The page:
Italy issues ‘excessive heat’ warning ahead of extreme 42C blast while Balearic Islands are hit with freak ‘meteo-tsunami’ and deadly wildfires rip through Turkish villages as southern Europe bakes in heatwave

Extreme weather continues to ravage parts of southern Europe, with an ‘excessive heat warning in place in Italy, freak ‘meteo-tsunami’ waves hitting the Balearic Islands and deadly wildfires ripping through Turkish villages.

The mercury is expected to rise to as high as 42C in the southern Italian city of Foggia today, while hotels in Sicily have reportedly turned tourists away amid a drought on the island.

Over in Spain, dramatic video has shown the moment a huge wave surged over the road in the Balearic resort town of Puerto Alcudia, an area popular with tourists. 

A similar video has emerged today of a freak wave washing away sunbeds in Menorca earlier this week.

Meanwhile in southeastern Turkey, five people have lost their lives and dozens have been injured as a huge wildfire swept through several villages overnight, the country’s health minister said Friday.

Images posted on social media showed flames raging over a large area, consuming whole swathes of woodland and lighting up the night sky as vast clouds of smoke billowed into the air.

Firefighters work to extinguish a fire burning near Kumkoy, in Gallipoli peninsula, Turkey

Rome was hit with a heatwave this week, with tourists pictured queueing for water outside the Colosseum

Rome was hit with a heatwave this week, with tourists pictured queueing for water outside the Colosseum

Water surges over the sea wall and into a town in Majorca due to a 'meteo-tsunami'

Water surges over the sea wall and into a town in Majorca due to a ‘meteo-tsunami’

The Copernicus Climate Change Service's (C3S) seasonal forecast covering July, August and September predicts extreme and hotter-than-average temperatures in the Mediterranean (pictured: probability of the temperatures being in the highest percentiles of climatology for seasonal means, with an 'above-normal change of exceeding the 80th percentile)

The Copernicus Climate Change Service’s (C3S) seasonal forecast covering July, August and September predicts extreme and hotter-than-average temperatures in the Mediterranean (pictured: probability of the temperatures being in the highest percentiles of climatology for seasonal means, with an ‘above-normal change of exceeding the 80th percentile)

Italy is now also bracing for wildfires, with warnings that the heatwave combined with dry conditions could produce the ideal circumstances for blazes in areas like Sardinia and Sicily.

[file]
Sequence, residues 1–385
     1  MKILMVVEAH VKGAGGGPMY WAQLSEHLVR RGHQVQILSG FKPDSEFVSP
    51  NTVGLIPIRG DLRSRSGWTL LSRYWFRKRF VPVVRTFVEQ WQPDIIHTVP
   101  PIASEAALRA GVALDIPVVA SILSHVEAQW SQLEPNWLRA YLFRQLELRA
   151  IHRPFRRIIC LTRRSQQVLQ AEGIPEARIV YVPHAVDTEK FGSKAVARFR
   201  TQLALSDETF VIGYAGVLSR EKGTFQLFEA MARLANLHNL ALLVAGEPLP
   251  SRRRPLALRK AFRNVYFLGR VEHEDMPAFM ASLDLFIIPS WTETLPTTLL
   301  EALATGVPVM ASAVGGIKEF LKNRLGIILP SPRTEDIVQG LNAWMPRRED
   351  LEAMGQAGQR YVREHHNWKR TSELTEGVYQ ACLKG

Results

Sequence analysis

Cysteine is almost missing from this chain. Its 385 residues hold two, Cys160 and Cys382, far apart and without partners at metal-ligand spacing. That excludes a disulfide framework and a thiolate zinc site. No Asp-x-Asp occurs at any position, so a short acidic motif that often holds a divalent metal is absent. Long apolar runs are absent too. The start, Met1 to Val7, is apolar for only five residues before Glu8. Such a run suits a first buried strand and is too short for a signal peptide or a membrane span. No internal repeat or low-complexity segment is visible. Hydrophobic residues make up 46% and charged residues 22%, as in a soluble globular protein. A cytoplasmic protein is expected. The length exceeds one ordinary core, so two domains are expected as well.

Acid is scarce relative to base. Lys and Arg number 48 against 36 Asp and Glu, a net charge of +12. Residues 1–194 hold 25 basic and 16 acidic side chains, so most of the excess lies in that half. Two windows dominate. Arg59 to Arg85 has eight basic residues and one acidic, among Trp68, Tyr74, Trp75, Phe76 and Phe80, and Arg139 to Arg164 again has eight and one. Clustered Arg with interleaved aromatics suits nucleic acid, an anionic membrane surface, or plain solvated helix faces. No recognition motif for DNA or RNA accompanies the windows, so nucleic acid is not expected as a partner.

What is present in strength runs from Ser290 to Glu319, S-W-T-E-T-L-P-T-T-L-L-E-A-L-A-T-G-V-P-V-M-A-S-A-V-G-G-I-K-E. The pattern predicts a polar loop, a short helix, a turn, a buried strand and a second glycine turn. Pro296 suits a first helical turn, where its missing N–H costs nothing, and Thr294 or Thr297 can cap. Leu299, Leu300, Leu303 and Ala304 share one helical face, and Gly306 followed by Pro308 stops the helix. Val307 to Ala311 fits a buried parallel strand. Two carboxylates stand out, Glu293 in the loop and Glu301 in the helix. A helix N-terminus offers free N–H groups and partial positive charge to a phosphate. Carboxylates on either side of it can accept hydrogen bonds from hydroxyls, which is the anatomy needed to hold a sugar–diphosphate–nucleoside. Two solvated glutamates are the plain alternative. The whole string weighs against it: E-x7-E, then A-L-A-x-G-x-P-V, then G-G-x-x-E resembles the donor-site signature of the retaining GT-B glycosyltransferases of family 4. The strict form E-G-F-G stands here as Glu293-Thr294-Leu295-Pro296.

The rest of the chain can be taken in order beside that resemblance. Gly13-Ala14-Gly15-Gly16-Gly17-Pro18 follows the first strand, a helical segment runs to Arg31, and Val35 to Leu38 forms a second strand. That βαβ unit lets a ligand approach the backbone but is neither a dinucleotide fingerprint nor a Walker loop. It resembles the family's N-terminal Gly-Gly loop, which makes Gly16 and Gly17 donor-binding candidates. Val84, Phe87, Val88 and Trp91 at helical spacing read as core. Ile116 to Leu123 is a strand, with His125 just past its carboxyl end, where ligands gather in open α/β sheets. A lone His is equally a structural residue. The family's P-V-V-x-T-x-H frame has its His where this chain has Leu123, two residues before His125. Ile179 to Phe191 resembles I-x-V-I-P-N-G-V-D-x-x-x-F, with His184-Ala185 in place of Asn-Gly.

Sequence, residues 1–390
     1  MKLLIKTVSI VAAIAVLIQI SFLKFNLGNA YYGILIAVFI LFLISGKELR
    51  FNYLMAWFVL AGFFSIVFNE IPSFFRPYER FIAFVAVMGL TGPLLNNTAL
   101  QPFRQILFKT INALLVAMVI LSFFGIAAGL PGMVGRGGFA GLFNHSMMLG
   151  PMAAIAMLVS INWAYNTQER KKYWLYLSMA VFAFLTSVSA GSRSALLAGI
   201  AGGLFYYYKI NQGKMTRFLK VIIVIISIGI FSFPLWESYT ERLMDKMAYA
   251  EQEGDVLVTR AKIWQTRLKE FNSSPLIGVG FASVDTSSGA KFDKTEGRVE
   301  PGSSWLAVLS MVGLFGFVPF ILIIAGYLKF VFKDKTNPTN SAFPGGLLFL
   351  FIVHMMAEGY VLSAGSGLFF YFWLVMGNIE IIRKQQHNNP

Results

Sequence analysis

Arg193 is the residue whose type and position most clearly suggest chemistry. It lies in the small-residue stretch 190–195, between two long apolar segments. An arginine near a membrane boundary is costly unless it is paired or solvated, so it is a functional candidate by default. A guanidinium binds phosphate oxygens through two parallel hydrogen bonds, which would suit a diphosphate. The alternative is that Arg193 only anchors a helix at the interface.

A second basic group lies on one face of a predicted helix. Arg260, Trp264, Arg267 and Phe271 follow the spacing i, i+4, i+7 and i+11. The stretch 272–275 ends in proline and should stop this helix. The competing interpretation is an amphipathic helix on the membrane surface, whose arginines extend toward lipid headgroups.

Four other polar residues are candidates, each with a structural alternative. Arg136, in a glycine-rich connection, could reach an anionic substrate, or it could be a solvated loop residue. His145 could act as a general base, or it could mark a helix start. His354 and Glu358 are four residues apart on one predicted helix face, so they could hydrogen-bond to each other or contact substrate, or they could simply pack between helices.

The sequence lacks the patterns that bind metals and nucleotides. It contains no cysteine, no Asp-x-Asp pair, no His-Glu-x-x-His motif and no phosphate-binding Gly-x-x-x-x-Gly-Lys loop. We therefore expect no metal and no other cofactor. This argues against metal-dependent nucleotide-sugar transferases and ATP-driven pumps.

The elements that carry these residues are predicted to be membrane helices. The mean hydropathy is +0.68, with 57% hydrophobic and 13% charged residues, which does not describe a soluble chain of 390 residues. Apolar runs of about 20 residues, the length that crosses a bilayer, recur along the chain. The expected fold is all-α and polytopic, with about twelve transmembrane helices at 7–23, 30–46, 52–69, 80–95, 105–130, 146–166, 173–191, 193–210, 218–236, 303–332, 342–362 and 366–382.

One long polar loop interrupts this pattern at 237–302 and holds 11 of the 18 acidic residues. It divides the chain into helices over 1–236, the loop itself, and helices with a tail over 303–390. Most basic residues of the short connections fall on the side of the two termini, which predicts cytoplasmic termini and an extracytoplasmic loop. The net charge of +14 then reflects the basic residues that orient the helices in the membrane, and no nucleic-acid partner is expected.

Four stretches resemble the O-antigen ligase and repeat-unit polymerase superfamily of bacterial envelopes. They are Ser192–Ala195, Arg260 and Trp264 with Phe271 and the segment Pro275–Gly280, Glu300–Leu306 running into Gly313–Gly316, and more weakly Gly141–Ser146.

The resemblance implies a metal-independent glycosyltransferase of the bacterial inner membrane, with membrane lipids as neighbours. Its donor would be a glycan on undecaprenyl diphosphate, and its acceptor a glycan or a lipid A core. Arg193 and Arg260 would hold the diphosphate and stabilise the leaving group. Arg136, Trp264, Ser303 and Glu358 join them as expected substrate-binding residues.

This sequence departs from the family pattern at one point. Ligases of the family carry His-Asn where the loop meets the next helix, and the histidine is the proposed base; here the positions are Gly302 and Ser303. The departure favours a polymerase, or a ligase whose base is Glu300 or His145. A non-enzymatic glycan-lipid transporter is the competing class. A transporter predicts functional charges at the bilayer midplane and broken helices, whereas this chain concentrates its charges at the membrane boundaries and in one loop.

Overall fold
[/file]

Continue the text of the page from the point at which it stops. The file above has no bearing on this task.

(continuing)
The island has been on the frontline in dealing with warmer summers due to climate change – registering Europe’s highest recorded temperature of 48.8C in 2021.

The summers are also getting longer as well as hotter, with concern that extreme heat is already gripping the area early in the season.

In Agrigento – a destination known for its incredible Greek temples – tourists are being turned away from bed and breakfasts as water supplies run dry.

Francesco Picarella, the local head of the hoteliers’ association Federalberghi, told The Times this week: ‘The water supply is on two or three times a week. All houses have cisterns to store water, but for some it is not enough.

‘Places with no water are diverting tourists to other B&Bs. And it’s only June.’

The capital Rome has also experienced severe heat, with pictures of baking tourists queueing up to get water outside the Colosseum.

The peak of the heatwave is expected today, before a weather system moves into northern regions which is expected to bring downpours, with thunderstorm warnings in place and heavy rain expected to cause flooding.

Chairs are seen submerged in floodwater after the surge in Majorca, with people walking nearby

Chairs are seen submerged in floodwater after the surge in Majorca, with people walking nearby

The water was filmed cascading over roads in the popular resort town of Puerto Alcudia

The water was filmed cascading over roads in the popular resort town of Puerto Alcudia

In video of the moment the water cascades over the road, people can be seen walking past the alarming flood

In video of the moment the water cascades over the road, people can be seen walking past the alarming flood

Meanwhile a warm air mass has resulted in a bizarre weather phenomenon in Majorca – a so-called ‘meteo-tsunami’.